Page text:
"Valerian" shows the space epic isn’t dead quite yet

The new Luc Besson film is an impressive spectacle that expertly hides its several flaws

A city of a thousand planets honestly sounds like a nightmare. One large city full of people crowding, yelling and rushing is more than enough for most, but a thousand planets? No thanks. That is unless you’re in Luc Besson’s dazzling new adventure.

Valerian and the City of a Thousand Planets,” based on the popular graphic novel of the same name, stars Dane DeHaan and Cara Delevingne as Agents Valerian and Laureline respectively. Sarcastic, witty and flirtatious, the two are now tasked with uncovering the secrets of a mysterious anomaly in Alpha, the aforementioned City of a Thousand Planets, which is threatening the lives of everyone living aboard the interstellar hub.

A movie that couldn’t have been made a decade earlier, “Valerian” is a fun ride and visual feat. The sheer amount of computer-animated work that went into it is mind-boggling. One of the opening scenes features a planet that with colors and textures that will have anyone begging to place their toes into its sandy beaches.

Alpha, however, is the most visually striking as each species of alien aboard the space station comes with its unique set of characteristics. The habitats and features of each alien and area of the station have to be unique and distinct from one another to make it believable, and Besson hits it right on the mark. Every new minute leads to a potential new discovery aboard Alpha and will have the audience guessing what comes next.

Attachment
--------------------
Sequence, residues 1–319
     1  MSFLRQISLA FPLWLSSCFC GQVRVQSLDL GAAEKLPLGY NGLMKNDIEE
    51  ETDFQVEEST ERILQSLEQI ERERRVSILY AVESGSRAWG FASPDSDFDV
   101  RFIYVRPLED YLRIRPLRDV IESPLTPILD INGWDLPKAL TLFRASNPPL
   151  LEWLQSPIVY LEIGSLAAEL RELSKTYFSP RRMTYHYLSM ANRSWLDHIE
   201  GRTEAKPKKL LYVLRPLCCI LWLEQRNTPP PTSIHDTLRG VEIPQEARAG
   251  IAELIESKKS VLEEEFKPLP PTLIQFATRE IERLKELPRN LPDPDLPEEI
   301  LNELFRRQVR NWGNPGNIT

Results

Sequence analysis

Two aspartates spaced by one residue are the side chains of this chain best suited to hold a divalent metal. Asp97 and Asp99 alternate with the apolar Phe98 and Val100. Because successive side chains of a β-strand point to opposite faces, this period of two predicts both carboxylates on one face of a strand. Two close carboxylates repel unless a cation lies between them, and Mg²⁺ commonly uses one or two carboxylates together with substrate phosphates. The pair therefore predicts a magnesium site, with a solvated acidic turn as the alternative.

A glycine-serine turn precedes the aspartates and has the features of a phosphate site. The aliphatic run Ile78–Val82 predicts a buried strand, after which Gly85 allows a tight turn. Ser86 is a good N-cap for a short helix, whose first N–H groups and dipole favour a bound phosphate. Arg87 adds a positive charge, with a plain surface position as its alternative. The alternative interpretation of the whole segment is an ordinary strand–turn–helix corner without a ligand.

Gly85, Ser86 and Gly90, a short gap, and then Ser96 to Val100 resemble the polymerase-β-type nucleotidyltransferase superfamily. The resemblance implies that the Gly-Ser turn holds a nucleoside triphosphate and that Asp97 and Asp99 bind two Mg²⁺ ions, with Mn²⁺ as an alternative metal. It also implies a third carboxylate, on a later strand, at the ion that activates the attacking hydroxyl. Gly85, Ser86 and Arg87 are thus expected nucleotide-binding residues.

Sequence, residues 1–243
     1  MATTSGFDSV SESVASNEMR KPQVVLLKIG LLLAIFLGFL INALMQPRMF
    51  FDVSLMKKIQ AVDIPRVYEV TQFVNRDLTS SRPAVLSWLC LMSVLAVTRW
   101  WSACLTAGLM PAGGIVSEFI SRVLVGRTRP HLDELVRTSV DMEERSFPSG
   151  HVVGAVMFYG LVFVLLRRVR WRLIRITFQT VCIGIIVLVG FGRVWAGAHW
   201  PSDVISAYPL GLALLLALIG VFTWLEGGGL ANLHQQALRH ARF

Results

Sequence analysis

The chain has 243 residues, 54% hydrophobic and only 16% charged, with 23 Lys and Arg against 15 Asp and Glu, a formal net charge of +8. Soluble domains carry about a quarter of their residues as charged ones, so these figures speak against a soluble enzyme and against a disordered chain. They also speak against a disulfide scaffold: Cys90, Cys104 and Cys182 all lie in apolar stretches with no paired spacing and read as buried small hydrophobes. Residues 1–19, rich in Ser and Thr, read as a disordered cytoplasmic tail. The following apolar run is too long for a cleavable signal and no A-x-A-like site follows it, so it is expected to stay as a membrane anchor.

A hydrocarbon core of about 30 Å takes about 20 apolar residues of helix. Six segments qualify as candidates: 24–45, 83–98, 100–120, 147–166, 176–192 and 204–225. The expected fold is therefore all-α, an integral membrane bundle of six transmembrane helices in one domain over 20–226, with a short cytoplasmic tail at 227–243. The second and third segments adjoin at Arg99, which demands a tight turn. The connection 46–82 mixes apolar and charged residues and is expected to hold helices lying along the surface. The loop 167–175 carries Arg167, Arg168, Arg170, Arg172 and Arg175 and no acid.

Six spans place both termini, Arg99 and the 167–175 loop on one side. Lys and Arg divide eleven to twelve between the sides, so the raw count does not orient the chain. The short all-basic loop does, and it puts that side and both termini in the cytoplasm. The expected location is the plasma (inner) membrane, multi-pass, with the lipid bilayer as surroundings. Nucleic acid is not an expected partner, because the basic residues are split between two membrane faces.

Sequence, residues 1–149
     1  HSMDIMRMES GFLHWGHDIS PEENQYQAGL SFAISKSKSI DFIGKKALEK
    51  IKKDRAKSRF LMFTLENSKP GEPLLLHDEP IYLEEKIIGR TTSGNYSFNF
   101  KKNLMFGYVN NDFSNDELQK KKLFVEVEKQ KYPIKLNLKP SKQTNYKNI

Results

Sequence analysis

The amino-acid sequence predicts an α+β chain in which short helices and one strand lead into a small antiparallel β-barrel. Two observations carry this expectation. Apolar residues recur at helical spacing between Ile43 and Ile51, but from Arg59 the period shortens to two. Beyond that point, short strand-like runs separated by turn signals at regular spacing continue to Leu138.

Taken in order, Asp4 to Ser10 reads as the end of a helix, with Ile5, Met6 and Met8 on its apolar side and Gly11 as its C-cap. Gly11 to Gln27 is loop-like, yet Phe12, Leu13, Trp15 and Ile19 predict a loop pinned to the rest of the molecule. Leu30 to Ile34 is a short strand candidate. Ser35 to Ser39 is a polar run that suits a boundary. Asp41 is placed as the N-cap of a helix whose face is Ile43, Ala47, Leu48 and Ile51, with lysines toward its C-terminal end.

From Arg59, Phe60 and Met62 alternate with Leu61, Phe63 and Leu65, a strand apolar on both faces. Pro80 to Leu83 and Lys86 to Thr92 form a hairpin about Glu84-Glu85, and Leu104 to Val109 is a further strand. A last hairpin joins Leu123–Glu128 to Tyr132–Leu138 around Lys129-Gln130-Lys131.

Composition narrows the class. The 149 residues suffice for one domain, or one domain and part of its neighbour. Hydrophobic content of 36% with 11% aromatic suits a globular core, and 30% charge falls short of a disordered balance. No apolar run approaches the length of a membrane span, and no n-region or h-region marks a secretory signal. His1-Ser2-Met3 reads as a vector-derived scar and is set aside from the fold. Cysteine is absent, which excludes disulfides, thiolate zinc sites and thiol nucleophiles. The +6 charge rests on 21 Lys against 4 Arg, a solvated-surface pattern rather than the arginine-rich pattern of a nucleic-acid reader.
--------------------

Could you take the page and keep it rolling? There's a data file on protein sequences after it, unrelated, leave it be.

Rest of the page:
As beautiful a film it is, this doesn’t mean it doesn’t come with some hiccups.

For starters, there is Valerian and Laureline. Valerian is in constant pursuit of Laureline’s affections and while she never gives him the time of day, the movie probably would’ve benefited from a romance that was less important. Individually, the two are believable enough. Together, their chemistry feels off.

The banter between one another is where the magic happens. Delevingne plays her coy, brilliant and strong Laureline comfortably, and DeHaan is fine, but could have been better. When you throw in his pursuit of Laureline, that’s when it falls flat.

Making DeHaan less suave and keeping Delevingne acting too good for him would have created the are-they-aren’t-they sort of vibe that would soar. But alas, what is done is done.

Aside from this, there is some dialogue in the film that doesn’t hit right with the audience. For instance, the romantic moments of sincerity from Valerian to his partner seem forced and unbelievable, especially once the word “you” is uttered. Another time, there was clearly supposed to be laughter from the audience during a banquet hall brawl that left an audible silence. Yikes.

There were several other moments of laughter throughout the film, but the constant peppering of them made each one weaker, until its final moments when the laughing is only a result of the lack-luster writing.

A visual marvel, “Valerian” stands in a class all its own, just not completely upright. A bright, flashy display of modern technology is this movie's greatest triumph, and next to the well-choreographed action sequences, it’s nonstop fun for those who will allow for some misgivings.

While the humor does fall flat, and the romance feels cringe-worthy, try and look past it and you’ll see that “Valerian and the City of a Thousand Planets” has plenty to be proud of.

“Valerian” hits theaters Thursday evening.

Overall score: 3.5/5


Reach the reporter at balnero13@gmail.com or follow @BaldnerOwen on Twitter.

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